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Some Heroes Wear Capes

Some Heroes Wear Capes

Words by Reese Ruland | Photos by Beth Wellie

The last thing Morgan thought before she flew face first over the handlebars of her Stumpjumper were, “I feel like I got a few PRs this ride…” Ten minutes later, she comes back to consciousness after suffering from a seizure while mountain biking in Santa Cruz. She remembers thinking not about the blood dripping down her face, but how she probably ruined everyone’s ride...and is her bike ok?

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Morgan and I are sitting in the offices of Specialized as she recounts this horrific, but not uncommon episode. She was diagnosed with epilepsy about 10 years ago. Something I didn’t know when I first met her two years ago when we both worked for the big red S. We met at one of the employee yoga classes held on  Friday mornings. Morgan, a former yoga teacher herself, was doing a headstand, while I was struggling to sit crossed legged. I blame those cyclist tight hip flexors. We chatted after class and I said we should go for a lunch ride and she quickly said, “Well, but if I go to slow, just leave me.”

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I’d later come to know that Morgan was intimidated by me, and others, on the bike. Which shocked me, as I was intimidated by her. When I first met her, I saw what most see:  a driven, smart, and fearless woman. She walked around the office like she was on a mission. Always wearing sneakers so bold and colorful you could hear their brightness from across the office. She carried herself in such a way that you knew she could get shit done. Which is intimidating, but also admirable. She is all of those things, but more importantly, she is unashamed and unabashedly herself. Shortly after her mountain bike accident, she posted photos of herself after receiving 52 stitches in her face. (Hashtag nofilter).  In today’s world of social media and self branding, it’s rare that we see the full picture of anyone. Proof of the good and the bad for all the internet to see.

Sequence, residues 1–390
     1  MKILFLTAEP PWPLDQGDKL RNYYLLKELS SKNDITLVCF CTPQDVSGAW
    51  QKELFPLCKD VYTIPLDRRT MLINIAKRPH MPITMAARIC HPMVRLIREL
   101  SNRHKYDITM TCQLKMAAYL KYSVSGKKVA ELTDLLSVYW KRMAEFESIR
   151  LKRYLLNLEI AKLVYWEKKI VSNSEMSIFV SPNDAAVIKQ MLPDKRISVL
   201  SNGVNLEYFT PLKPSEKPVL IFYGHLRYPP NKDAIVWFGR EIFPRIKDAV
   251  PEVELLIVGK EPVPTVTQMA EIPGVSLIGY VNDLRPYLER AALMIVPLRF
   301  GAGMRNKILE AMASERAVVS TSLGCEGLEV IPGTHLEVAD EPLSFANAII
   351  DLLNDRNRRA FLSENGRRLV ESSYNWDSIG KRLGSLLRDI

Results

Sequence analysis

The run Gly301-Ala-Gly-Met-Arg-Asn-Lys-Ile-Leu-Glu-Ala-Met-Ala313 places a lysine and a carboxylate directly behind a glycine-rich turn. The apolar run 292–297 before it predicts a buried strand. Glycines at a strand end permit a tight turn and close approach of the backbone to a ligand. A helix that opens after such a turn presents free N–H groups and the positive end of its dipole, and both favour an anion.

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Not shockingly, an overwhelming majority of the employees at Specialized ride bikes for fun, competition, camaraderie, or a mix of everything. While Morgan falls into this generalization, riding bikes means something more. Riding a bike was the first time Morgan felt free. After being diagnosed with epilepsy, she relied completely on others to take her to and from work, school, the store. She constantly felt like an obligation, a chore that had to be taken care of. Those feelings of guilt slowly went away after she bought her first bike. Morgan was able to go places on her own, whenever she wanted, without asking permission. Her ambition quickly outgrew the beach cruiser and she upgraded to a single speed. The city streets of San Jose, CA were nice, but she wanted to go farther and faster. With her shoulder to the wheel, HTFU attitude, she trained for - and completed - a century ride. On her single speed. In Van's sneakers.

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Since she started working at Specialized, Morgan may have accumulated more bikes, gear and handling skills, but she admits to feeling intimidated by others on the bike. Which, I’m sure, we all can relate to. We all experience the unwanted feelings of guilt and fear that creep into our minds from time to time. We have a choice though. We can either accept these negative thoughts as fact, as truth, and give into them, thus limiting ourselves and our experiences. Or, like Morgan often does, substitute in a more positive narrative when those negative thoughts arise.  She just has to remind herself to, “check her head.” Life cannot be that bad when you’re choosing to ride your bike for fun. She repeats her mantra that progress is better than perfection.

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Having a friend like Morgan Nissen in my life makes me more appreciative. She doesn’t hide or sugarcoat the bad, nor does she overlook the goodness she has encountered. She’s the hero in the story who no matter what, can see the glimmer of light at the end of the tunnel and tells you that everything is going to be ok. To keep on progressing forward. And most importantly: to just ride you bike.
 

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